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Investigating modes of action of genetic risk variants through integrated analysis of multiple high-dimensional “omics” data.

   School of Mathematics and Statistics

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  Prof Andy Lynch, Dr Michail Papathomas  Applications accepted all year round  Competition Funded PhD Project (Students Worldwide)

About the Project

Genome-wide association studies have identified thousands of genomic loci that are associated with higher risk of a trait (often a disease such as breast cancer). While these associations may have been identified, the mechanisms through which they act have tended not to be elucidated. This despite the growing number of diverse data sets potentially available for the purpose (see for example The American Journal of Human Genetics 103, 637–653 for discussion).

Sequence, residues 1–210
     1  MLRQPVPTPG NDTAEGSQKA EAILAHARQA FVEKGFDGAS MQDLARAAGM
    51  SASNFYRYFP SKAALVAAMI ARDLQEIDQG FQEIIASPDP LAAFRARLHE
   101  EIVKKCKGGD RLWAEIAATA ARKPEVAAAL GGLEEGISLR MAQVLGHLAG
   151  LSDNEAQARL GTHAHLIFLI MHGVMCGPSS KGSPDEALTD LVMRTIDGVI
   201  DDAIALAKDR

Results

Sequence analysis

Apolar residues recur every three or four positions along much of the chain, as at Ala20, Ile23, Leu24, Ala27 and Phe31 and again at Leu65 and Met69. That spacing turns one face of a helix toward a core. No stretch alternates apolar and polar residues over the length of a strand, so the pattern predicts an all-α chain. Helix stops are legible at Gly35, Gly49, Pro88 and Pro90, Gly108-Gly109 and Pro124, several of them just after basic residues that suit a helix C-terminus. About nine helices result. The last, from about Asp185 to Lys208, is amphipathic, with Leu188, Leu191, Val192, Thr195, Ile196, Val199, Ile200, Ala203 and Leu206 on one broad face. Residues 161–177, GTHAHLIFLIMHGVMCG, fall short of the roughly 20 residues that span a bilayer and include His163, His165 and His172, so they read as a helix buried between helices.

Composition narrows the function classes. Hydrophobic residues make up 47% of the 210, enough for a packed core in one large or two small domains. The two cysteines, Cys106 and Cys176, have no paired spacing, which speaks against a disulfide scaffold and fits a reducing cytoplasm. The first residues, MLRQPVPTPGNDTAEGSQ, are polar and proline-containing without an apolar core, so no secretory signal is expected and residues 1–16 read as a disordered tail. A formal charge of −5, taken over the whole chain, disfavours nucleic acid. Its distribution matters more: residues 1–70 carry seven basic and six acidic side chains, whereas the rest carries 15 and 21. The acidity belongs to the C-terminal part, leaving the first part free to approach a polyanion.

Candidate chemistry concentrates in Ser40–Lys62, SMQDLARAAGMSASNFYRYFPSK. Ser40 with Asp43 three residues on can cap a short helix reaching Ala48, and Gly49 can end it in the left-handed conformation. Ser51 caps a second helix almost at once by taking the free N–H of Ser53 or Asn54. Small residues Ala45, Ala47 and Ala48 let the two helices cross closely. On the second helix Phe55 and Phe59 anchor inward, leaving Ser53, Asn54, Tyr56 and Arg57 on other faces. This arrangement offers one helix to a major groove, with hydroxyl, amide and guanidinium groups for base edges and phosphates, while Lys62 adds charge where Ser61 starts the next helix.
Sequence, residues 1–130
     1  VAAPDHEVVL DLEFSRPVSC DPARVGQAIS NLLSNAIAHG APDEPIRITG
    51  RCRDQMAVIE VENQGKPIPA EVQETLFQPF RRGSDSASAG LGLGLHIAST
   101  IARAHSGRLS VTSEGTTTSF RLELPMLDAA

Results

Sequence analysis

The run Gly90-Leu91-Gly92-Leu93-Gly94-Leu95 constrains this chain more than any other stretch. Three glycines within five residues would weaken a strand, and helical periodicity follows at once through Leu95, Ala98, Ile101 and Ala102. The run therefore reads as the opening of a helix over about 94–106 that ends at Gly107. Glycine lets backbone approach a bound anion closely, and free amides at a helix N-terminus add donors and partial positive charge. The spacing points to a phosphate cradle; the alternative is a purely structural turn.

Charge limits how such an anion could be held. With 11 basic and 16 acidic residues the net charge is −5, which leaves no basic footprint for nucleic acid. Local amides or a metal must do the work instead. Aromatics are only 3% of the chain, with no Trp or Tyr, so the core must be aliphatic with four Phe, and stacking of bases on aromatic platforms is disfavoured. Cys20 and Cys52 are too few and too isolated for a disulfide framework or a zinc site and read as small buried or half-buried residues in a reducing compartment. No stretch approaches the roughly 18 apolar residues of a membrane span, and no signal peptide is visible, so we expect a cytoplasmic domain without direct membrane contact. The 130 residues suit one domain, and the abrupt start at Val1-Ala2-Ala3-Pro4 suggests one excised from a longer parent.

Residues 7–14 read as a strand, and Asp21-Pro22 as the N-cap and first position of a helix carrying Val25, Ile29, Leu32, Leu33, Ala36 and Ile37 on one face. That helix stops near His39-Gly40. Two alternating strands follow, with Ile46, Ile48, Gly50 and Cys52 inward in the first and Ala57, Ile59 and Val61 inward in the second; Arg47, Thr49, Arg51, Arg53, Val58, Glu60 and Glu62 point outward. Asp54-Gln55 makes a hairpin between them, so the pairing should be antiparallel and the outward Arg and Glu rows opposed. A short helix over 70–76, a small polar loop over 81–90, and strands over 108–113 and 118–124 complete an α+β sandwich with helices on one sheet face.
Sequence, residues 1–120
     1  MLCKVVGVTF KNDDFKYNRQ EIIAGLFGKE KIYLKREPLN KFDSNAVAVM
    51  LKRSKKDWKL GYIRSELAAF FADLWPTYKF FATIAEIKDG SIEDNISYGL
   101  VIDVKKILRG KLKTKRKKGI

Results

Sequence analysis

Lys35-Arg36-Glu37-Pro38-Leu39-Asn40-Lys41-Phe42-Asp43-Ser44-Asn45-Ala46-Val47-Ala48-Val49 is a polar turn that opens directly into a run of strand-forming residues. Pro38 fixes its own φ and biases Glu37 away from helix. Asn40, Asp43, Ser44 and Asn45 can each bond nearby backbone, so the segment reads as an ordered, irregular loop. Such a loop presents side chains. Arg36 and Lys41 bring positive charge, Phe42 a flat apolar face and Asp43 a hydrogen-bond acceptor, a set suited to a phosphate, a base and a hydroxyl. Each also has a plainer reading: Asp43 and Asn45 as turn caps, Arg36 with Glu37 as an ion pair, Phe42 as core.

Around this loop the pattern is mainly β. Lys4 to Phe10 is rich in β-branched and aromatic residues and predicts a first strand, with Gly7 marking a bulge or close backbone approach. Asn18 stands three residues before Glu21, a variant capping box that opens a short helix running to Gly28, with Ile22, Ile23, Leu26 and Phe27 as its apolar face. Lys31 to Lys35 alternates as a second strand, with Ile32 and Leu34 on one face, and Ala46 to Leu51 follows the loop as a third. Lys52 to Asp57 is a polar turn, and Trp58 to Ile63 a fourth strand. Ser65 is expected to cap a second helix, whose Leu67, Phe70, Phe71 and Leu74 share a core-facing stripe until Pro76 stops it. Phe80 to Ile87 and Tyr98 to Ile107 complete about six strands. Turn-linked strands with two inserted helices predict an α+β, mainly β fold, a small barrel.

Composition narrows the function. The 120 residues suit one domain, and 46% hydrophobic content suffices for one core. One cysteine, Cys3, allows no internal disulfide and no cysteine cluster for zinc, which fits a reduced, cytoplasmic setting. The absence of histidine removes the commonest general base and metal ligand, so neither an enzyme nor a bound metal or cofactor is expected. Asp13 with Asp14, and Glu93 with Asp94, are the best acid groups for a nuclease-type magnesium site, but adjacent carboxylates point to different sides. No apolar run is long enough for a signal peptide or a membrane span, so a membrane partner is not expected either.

This project will look to develop a flexible modelling framework to incorporate many potential sources of evidence in suggesting and evaluating mechanisms of action. This could potentially build upon work of Papathomas et al. (2012) and related efforts in producing a flexible Bayesian approach for the analysis if GWAS data. The evaluation of potential mechanisms may then feed back into the detection and prioritization of association loci through, e.g., specification of prior probabilities.

For more information, please see the School's Postgraduate Research page, and in particular the information about Statistics PhD opportunities.

Funding Notes

Full funding (fees, plus stipend of approx. £15,840) is available for well-qualified students; we encourage applications as soon as possible to maximize your chances of being funded. UK, EU and other overseas students are all encouraged to apply. New PhD students would typically start in September 2022, but this is flexible. More information is available School's Postgraduate Research web page -- please see the link at the bottom of the project description.


Papathomas, M., Molitor, J., Hoggart, C., Hastie, D. and Richardson, S. 2012. Exploring data from genetic association studies using Bayesian variable selection and the Dirichlet process: application to searching for gene-gene patterns. Genetic Epidemiology 36, 663-674

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